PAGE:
The behaviour of some companion animals which are not responsibly owned can represent a serious inconvenience and at times a danger to other members of the community. If a dog is habitually at large, repeatedly defecates on a neighbours property, repeatedly chases vehicles or causes damage to peoples property, it can be declared a nuisance dog. A similar offence applies to cats. Council may issue a nuisance order which requires the owners to stop the dog or cat from continuing the nuisance behaviour. The order remains in force for six months. If the owner fails to stop the behaviour a fine will be issued.
What is a dangerous dog ?
A small proportion of dogs are known to attack and kill without provocation. Others repeatedly threaten to attack or repeatedly chase a person or animal. Under the Act, these dogs can be declared Dangerous Dogs by Council. The owner of a dog that has been declared dangerous must comply with strict conditions on the control of the animal including desexing. Failure to comply with the conditions will see hefty fines being imposed. More details about the conditions can be obtained from Council.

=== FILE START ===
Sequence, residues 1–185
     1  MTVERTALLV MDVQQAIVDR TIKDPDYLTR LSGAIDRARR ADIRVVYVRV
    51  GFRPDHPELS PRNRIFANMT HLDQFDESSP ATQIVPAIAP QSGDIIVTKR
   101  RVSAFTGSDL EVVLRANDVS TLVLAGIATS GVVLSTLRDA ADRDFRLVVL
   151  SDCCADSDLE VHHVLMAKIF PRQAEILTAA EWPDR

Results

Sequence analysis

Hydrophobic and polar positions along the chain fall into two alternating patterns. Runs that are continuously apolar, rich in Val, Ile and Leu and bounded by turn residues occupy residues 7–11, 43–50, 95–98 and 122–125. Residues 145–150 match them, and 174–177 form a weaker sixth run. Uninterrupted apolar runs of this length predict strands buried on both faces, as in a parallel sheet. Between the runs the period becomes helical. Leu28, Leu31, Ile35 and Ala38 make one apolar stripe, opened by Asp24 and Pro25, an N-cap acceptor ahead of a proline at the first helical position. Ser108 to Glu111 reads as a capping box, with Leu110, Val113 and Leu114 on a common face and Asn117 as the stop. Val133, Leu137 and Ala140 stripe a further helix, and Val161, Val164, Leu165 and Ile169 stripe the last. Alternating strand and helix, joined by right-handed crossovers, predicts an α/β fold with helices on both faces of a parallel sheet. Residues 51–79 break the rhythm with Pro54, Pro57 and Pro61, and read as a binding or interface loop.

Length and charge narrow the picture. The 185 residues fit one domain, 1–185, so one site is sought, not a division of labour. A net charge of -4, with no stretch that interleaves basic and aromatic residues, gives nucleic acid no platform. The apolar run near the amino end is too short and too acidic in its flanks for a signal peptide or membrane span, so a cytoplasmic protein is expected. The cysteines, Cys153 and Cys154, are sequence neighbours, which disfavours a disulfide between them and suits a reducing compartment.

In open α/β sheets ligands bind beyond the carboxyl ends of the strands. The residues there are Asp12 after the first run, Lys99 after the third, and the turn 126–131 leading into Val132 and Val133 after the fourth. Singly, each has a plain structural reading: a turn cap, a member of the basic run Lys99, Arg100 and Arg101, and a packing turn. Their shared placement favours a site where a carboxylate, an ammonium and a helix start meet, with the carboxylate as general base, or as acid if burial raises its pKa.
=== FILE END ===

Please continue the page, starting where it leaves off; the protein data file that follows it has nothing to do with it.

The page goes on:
What is a Restricted Breed ?
Five breeds of dogs are considered to be restricted breeds. They are:
- Pit Bull Terriers
- American Pit Bull Terriers
- Japanese Tosas
- Argentinian Fighting Dogs
- Brazilian Fighting Dogs
Owners of these dogs breeds are required to comply with similar conditions to those applying to dangerous dogs.Under no circumstances should one of these dogs be sold or given to someone under 18 years of age. They must be kept in childproof enclosures and must be muzzled and leashed when in public.
Off Leash Areas
Council nominated "Off Leash Areas" are:
- Crookwell - Willis Reserve
- Gunning - Endeavour Park (excluding the main oval)
- Gunning - Wilton Lane
Australian Companion Animal Council
The Australian Companion Animal Council (ACAC), with the support of the Australian Veterinary Association (AVA) and the ASAVA, has recently released the brochures, Renting with Pets and Tenants with Pets, along with Pet Application & Agreement Forms. These documents are available to download from the website http://www.acac.org.au/